This session, in which winners of the Psychopharmacology Awards present their work, always has high attendance and this year was no exception.
Dr Tom Freeman, the winner of the junior non-clinical award, presented on the role of cannabinoids in the development and treatment of addiction. He noted that recent policy changes in the UK have led to cannabinoids being moved to Schedule 2 (from Schedule 1), allowing them to be prescribed in a limited way. Whilst there is much discussion about the harms of cannabis, particularly relating to psychosis, there is a major clinical need which is given less attention – treating addiction to cannabis. He showed data indicating that those requiring treatment for cannabis addiction has increased in the last ten years. Current treatments have limited success, and in particular there is no approved pharmacological agent for cannabis addiction. Dr Freeman then presented data showing that THC (tetrahydrocannabidinol, the intoxicating, cognition-impairing ingredient in cannabis) has increased in a linear fashion over the last ten years, and cannabis resin has also increased in levels of THC.
He subsequently presented data from Utrecht, which has high-quality drug monitoring (due to the fact that coffee shops can be randomly sampled, rather than relying on drug samples seized by policy). This data shows a different pattern, with an increase in THC from 2000-2004, then a decrease. This is followed (with a five-year lag) in increased cannabis addiction treatment entry.
The other active ingredient in cannabis, cannabidiol (CBD) has a contrasting mechanism. It is able to reduce tobacco smoking, and may protect against harms from THC. Dr Freeman and his colleagues subsequently ran a clinical trial of CBD for cannabis addiction, using an adaptive Bayesian dose-finding design (due to lack of knowledge about dose-response effects relationship). In this trial, individuals who had DSM-5 diagnoses of cannabis use disorder and wanted to quit were randomised to placebo or different doses of CBD, and given a 24 week follow-up. Analyses looked at the probability that CBD is the most effective dose compared to placebo, and an intention to treat analysis was used, adjusted for week 0. 400mg doses were effective, and reduced cannabis levels found in urine 45% compared to placebo. A similar, but slightly weaker, pattern was seen for 800mg. This effect was also seen in the other co-primary outcome, abstinence days.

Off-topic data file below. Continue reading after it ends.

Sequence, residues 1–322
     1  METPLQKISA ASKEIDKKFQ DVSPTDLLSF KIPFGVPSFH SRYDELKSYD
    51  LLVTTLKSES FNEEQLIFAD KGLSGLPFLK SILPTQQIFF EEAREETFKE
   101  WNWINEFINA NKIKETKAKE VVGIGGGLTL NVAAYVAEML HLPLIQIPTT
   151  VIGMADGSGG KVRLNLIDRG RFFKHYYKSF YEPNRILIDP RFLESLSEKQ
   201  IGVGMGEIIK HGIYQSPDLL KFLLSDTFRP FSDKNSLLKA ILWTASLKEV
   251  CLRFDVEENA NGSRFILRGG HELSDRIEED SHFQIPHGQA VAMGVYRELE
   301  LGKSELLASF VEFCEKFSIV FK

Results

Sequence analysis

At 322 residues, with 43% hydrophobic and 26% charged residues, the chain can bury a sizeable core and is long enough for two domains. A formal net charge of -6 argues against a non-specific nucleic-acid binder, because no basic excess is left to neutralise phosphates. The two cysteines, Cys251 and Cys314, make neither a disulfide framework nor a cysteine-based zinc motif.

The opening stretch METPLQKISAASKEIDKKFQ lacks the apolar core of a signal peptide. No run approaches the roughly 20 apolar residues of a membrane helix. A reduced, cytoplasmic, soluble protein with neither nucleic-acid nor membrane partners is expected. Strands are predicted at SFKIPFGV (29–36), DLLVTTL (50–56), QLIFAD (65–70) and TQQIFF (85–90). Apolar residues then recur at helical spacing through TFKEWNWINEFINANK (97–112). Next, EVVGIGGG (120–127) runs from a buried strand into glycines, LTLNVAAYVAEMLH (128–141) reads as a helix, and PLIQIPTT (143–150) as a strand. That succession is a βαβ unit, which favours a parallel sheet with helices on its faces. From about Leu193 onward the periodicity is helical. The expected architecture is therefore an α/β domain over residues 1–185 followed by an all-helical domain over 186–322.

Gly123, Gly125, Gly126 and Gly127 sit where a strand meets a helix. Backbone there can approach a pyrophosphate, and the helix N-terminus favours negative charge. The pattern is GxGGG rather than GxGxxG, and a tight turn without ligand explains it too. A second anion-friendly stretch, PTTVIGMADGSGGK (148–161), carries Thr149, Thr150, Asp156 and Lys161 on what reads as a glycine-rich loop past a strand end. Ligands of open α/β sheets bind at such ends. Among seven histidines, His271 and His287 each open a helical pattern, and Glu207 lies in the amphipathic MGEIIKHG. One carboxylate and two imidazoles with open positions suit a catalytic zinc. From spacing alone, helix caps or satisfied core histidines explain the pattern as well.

Dr Maddy King received the senior non-clinical award, and discussed her animal work on schizophrenia. She began by motivating her interest in this disorder – whilst schizophrenia is less prevalent than some other disorders, it has a disproportionate impact on quality of life, as shown by DALYs. Schizophrenia is known to have a complex aetiology – with genetic, neonatal, and environmental components. Her work has modelled schizophrenia preclinically in rodents.
One common model is post-weaning social isolation, which results in cognitive deficits and structural/neurochemical changes. However, this model also shows some important differences to schizophrenia – the effects are strain-dependent, and the animals show increased aggression, which is not found in human schizophrenia. Therefore her lab has worked on developing dual-hit models of schizophrenia. The first dual-hit model discussed involves PCP administration pre-weaning, followed by the same social isolation as in the single model. This model exacerbates effects seen in the isolation-only model on water maze reversal learning deficits, pre-pulse inhibition and conditioned freezing. This also leads to relevant neurochemical changes. They used this model to investigate cariprazine: a D3-preferring D3/D2 receptor partial agonist. They found that this drug reverses some of the changes, in particular the locomotor and cognitive ones, but not all of them (in particular, it did not alter the social or fear conditioning deficits). They also tested a 5-HT-6 antagonist, which did not reverse the cognitive effects in this model.
Another dual-hit model they investigated was a combination of maternal administration (maternal day 15) of viral mimetic poly(I:C) followed by social isolation. This caused inflammatory effects and sickness behaviour, but had no effect on litter size or pup weight at weaning. The results were opposite to hypothesised, in that the viral mimetic poly (I:C) administration seemed to protect against isolation-induced changes, both behaviourally and physiologically. These two models can therefore be used to examine risk and resilience. Other work using dual-hit models, however, does not show a clear pattern on which combinations of ‘hits’ cause risk vs. resilience.